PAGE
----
@Eva -- you have to understand Caesar's POV. He admires them for their physicality -- but has disdain for their utter lack of culture and education. Caesar, after all, was a highly educated and superb military engineer/leader who spoke 2, if not more, languages and was a native of Rome.

62ed65f3596aa2f62fa1d58a0c09f8c3

(20807)

on October 03, 2010
at 05:28 AM

Weird, first he says they have no discipline and do nothing contrary to their inclination. But then he talks about them attempting to remain chaste (at least some of them) and devoting themselves from childhood to fatigue and hardships and pursuits of the military art. The one does seem to contradict the other. Perhaps Caesar's view of discipline was just different.

2
62ed65f3596aa2f62fa1d58a0c09f8c3

(20807)

on October 02, 2010
at 11:58 PM

Military success of armies is often based more on training and strategy than on individual prowess and health. The Romans were well organized and well trained. Ironically, a stable permanent economy and agriculture probably is what allowed that to happen in the first place. However, keep in mind that they did eventually fall..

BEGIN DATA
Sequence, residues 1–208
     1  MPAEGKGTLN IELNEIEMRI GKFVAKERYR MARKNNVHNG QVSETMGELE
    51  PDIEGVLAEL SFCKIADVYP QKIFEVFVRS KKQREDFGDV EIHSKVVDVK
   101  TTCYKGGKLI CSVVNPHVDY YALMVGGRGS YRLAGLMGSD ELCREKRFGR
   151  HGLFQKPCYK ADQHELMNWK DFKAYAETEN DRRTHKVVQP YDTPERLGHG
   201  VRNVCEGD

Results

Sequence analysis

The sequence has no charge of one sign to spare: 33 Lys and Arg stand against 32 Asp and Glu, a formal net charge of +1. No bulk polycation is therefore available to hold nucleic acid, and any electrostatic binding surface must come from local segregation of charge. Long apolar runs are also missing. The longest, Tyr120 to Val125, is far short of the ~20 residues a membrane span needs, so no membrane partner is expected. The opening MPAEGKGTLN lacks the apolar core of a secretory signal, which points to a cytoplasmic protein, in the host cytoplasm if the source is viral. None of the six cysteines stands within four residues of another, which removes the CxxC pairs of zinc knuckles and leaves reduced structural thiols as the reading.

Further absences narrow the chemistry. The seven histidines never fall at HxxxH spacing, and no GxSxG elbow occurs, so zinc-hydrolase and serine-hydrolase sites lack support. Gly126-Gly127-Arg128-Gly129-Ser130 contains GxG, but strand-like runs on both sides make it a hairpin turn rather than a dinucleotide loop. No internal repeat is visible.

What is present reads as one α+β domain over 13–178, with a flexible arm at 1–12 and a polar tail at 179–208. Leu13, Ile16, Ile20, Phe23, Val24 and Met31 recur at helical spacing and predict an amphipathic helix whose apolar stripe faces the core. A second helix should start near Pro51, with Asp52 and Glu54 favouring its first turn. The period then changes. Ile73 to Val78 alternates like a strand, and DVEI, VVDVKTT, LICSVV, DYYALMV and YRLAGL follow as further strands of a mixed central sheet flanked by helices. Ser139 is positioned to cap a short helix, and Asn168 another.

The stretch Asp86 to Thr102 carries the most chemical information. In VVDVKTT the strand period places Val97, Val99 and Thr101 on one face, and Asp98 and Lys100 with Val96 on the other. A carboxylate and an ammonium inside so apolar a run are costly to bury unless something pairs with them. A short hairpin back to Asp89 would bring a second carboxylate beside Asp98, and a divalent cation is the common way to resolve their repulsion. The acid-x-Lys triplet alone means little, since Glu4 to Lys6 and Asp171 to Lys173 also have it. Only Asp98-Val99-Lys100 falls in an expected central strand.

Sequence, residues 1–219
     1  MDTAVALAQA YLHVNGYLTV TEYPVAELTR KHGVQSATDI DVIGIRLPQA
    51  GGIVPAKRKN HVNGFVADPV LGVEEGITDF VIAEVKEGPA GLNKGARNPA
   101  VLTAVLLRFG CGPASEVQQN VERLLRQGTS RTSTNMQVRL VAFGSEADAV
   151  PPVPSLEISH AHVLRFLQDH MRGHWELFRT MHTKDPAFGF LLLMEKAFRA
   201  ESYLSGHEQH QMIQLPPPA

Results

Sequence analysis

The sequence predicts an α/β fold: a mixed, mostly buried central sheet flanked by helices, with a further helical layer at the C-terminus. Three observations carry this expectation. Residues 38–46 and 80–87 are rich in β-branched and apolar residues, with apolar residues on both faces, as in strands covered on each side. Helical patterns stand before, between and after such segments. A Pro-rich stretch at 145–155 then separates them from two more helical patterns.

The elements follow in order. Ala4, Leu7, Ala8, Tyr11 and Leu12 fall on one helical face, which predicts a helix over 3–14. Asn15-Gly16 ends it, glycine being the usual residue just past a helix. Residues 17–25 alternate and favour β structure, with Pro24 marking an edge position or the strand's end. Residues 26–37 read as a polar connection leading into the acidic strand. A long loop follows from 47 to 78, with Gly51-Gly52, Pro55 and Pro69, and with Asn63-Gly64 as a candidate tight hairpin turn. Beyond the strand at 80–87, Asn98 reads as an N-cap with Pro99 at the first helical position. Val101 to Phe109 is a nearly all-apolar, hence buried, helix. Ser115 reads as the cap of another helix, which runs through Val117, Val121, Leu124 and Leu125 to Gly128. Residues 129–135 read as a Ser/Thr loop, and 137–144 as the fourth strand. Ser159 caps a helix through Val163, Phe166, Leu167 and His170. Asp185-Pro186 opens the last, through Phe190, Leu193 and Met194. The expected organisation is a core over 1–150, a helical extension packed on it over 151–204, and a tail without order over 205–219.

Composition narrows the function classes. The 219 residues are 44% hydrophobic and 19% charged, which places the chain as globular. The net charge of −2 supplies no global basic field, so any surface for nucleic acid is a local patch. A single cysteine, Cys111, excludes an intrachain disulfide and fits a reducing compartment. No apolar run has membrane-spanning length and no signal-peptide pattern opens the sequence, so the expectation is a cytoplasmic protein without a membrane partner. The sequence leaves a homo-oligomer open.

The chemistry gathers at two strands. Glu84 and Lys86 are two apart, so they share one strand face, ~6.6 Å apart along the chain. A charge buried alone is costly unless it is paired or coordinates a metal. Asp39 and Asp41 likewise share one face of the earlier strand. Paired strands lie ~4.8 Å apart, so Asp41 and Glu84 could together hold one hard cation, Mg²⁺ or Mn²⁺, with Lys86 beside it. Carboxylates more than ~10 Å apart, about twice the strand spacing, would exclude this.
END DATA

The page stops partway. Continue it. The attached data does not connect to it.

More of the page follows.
2
C0887358ae041723ba426a6ad4732cfc

on October 02, 2010
at 11:54 PM

Most vacationing Germans are flabby, so I guess his thesis holds up.

1
08ce57b1bbb3bda8e384234389c36d94

on October 03, 2010
at 12:01 AM

Roman Gladiators subsisted on a diet rich in simple carbohydrates mainly in the form of barley, beans and dried fruits but no meat or animal protein. Guess what, it made them flabby also.

5841391284e7af8c495c54bd90d3a795

(2764)

on October 03, 2010
at 12:23 AM

... than the gladiators, I mean.

5841391284e7af8c495c54bd90d3a795

(2764)

on October 03, 2010
at 12:22 AM

Gladiators were - to some extent - slaves where soldiers were not. I'm guessing that the armies that beat up on the Gauls and Germans were probably better fed.

0
149af6e19a06675614dfbb6838a7d7c0

on October 03, 2010
at 03:45 AM

The Gladiators killed millions of animals in the games not because they were forced to, they were hoping to get a little meat. When the Romans ran out of local game they brought back exotic beasts from as far off as Africa to spice up the contests. But it was bread that did them in. Bread makes you lazy. That's where the word "loaf" or "to loaf"comes from. It's Latin root is "loafacles" which means "eater of wheat not flesh". What about the "Roman Meal" bread connection? Coincidence? I think not!